This lesson extends the theme we covered in Lesson 163, “There is no death. The Son of God is free.” Here, too, Jesus talks about death and contrasts it with life, and in so doing reinforces the teaching on the contrast between mind and body. Note, too, the use of the word mind. In ACIM, mind is almost always capitalized when it refers to the Minds of God and Christ, and not capitalized when it refers to the split mind of the separated Son. This lesson, however, is an exception to that rule: mind is lowercase throughout, at times Jesus referring to mind as spirit, and other times as split. It is impossible to capitalize it because of the structure of the discussion, as we will see. Thus, mind is kept lowercase in the same way spirit is, which is capitalized only when it refers to the Holy Spirit. Otherwise, spirit – the essence of our identity as Christ – is lowercase.
Whatever in this world appears to be alive or not alive is equally illusory, which is why ACIM is non-dualistic. Light and dark, spirit and matter, life and death do not co-exist. There is but one reality, one truth, one life.
In 2:4-7, where Jesus says:
“It is the one idea (death( which underlies all feelings that are not supremely happy. It is the alarm to which you give response of any kind that is not perfect joy. All sorrow, loss, anxiety and suffering and pain, even a little sigh of weariness, a slight discomfort or the merest frown, acknowledge death. And thus deny you live”, Ken writes:
Anything in this world is an illusion, and shares the ego belief in one or the other: in order for me to exist, God must be destroyed. What reflects our individual experience is this idea that has never left its source. Thus Jesus says later in the workbook: “the world was made as an attack on God” (W-pII.3.2:1). This expresses the all-or-nothing thinking we saw earlier when he told us that “a slight twinge of annoyance is nothing but a veil drawn across intense fury” (W-pI.21.2:5), or that “two (illusions) are as meaningless as one or as a thousand” (T-23.I.3:8).
Death is a thought – Jesus uses idea and thought interchangeably – as are sickness, pain, worldly happiness, and specialness. They come from the thought of separation, which is why Jesus is unequivocal throughout ACIM that the problem is not in the world or body, but in the mind that believed what the ego taught was true. It is the thought that says I prefer to be right rather than happy.
The problem is never outside, but in the mind’s decision maker choosing the wrong teacher.
We are well acquainted with this teaching, and Jesus lets us know that ideas leave not their source is crucial to understanding the thought system of his course. Indeed, you cannot understand a miracle or forgiveness, nor apply them, without the principle that the idea of a world, body, or external problem, has never left its source, which is in the mind. Cause and effect, source and idea, are unified and remain one and the same. The difference is that idea-effects seems to be outside mind-cause. Jesus is however, quite explicit that death does not happen to the body, nor is caused by anything external. It is merely an idea in the mind. The core of that thought, once again, is that God must die so I can live.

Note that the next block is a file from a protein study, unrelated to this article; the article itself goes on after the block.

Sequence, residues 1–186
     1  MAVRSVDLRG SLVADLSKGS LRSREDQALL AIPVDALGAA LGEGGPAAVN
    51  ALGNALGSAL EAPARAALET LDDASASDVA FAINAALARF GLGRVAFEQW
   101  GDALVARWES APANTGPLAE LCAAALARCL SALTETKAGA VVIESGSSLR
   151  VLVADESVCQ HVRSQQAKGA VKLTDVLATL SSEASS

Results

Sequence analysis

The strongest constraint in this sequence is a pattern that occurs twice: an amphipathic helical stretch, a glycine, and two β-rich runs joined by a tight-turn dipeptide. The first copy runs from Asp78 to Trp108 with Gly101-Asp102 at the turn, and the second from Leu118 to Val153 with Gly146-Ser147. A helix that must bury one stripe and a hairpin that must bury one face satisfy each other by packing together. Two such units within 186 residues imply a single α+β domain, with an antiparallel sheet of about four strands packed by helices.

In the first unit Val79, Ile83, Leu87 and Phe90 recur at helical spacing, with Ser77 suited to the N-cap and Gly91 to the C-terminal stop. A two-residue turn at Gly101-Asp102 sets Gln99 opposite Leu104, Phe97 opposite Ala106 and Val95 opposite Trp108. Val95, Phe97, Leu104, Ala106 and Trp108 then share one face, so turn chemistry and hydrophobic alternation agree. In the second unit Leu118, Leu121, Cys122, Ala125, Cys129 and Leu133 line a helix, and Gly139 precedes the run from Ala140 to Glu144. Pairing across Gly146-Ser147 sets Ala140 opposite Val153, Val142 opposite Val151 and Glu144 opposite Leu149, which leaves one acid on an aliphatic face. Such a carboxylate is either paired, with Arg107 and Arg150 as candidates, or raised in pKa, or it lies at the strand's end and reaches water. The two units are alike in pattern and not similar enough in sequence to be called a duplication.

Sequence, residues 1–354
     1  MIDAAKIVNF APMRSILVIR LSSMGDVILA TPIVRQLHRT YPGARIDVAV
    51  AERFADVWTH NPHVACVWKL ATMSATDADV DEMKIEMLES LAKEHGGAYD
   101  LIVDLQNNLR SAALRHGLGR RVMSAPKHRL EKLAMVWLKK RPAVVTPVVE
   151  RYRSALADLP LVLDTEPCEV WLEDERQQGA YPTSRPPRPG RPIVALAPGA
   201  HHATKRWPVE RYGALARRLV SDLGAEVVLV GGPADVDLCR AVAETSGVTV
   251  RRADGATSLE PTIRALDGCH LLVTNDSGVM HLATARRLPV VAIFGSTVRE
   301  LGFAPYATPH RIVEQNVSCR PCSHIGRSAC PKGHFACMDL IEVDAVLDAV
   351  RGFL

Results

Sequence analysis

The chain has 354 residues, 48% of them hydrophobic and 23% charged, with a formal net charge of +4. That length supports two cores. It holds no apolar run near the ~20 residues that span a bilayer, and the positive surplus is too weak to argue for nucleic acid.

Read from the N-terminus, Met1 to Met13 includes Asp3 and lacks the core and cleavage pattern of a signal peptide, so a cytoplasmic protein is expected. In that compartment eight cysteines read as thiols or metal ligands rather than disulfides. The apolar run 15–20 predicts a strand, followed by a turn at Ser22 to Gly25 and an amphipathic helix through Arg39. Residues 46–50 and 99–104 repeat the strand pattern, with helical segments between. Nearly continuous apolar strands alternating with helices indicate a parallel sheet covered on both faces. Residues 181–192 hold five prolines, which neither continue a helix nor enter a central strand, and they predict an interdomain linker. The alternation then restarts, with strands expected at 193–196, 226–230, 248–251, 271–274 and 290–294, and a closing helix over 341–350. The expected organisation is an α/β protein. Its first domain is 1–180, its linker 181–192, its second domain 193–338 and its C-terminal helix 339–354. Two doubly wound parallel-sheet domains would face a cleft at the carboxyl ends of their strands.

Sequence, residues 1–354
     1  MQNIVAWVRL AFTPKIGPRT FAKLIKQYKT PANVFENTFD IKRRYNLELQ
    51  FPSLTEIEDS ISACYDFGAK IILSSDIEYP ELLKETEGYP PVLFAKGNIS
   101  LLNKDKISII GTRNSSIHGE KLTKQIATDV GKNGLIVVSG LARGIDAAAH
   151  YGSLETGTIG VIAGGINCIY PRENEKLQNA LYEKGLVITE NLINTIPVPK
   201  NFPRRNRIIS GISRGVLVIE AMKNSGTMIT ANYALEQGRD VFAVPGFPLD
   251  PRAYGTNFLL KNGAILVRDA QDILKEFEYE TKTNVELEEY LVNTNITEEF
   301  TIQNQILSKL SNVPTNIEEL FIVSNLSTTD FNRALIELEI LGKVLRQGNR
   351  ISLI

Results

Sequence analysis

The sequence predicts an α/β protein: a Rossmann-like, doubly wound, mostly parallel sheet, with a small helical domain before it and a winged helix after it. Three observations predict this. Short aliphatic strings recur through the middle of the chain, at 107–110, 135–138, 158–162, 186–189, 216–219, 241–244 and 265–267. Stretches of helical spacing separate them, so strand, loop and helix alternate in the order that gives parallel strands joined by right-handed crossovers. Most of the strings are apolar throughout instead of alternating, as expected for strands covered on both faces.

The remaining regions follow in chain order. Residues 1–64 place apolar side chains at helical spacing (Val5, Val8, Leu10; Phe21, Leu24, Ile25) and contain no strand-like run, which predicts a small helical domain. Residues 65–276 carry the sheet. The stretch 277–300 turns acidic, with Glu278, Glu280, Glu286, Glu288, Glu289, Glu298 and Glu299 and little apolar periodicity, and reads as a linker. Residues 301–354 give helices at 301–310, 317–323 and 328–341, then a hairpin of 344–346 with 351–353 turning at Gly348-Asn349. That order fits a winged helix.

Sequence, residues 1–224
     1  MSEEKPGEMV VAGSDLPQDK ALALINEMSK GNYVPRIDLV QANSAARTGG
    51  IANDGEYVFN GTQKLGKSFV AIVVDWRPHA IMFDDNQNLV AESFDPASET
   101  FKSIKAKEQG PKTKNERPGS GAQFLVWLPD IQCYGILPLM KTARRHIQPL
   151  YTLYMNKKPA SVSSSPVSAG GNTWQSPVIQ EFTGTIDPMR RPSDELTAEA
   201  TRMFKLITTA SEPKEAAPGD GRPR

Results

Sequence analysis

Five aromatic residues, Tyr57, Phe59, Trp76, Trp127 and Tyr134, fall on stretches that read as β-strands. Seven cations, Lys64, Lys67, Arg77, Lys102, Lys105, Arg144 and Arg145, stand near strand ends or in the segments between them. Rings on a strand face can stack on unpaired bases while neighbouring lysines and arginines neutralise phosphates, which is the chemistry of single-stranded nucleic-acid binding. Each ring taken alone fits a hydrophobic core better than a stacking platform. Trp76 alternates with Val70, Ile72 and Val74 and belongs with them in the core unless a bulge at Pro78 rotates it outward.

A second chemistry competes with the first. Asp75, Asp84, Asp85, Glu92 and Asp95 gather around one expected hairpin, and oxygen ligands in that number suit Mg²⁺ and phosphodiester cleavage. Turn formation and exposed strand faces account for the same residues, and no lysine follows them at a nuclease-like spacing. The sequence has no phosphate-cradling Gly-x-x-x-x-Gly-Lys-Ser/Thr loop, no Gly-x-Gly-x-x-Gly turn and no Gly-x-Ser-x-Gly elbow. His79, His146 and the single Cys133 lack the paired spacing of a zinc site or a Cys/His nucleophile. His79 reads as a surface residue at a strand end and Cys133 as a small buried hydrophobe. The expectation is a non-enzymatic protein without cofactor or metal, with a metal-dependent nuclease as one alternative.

You can heal because ideas leave not their source: If you change your mind’s belief in separation, you undo the sickness. Remember that sickness does not consist of physical or psychological symptoms, but lies in the mind’s mistaken choice. Change the decision and sickness is gone; effect no longer exists once its cause is removed.
Looking at 4:2, Ken writes:
In other words, I am happy one minute because my special partners are nice to me, and unhappy the next because they are not; happy one minute because I get what I want, and unhappy the next because I do not. Our emotions go up and down like a roller coaster, and because we are quick to blame the source of our discomfort, anxiety, and pain on something outside, they are not due to a decision we make. In fact, our world is built on the need to identity the external causes of our upset. That is why Jesus says in Lesson 5: “I am never upset for the reason I think.” To attribute our emotional state to “causes you cannot control, you did not make, and you can never change: is the heart of the ego’s ace of innocence: I was so happy until this person said this to me, or I saw today’s stock market closing; my misery is not my doing – something external impinged on me and changed my peaceful state of mind.
Yet, all our problems stem from the illusory belief that ideas do leave their source. Thus the reason I am upset is that I chose the ego over the Holy Spirit, thereby making real the tiny, mad idea, as well as sin, guilt, fear, and death. That sinful decision is the true cause of my distress, the source I project to see the sin in another. This allows me to deny that my fear comes from the mind, but comes instead from this terrible person with power to withhold love and inflict pain. Thus has sin, rooted in my mind’s mistaken choice, left its source to be perceived now in someone else, leaving me the innocent victim as the suffering effect of that person’s sin.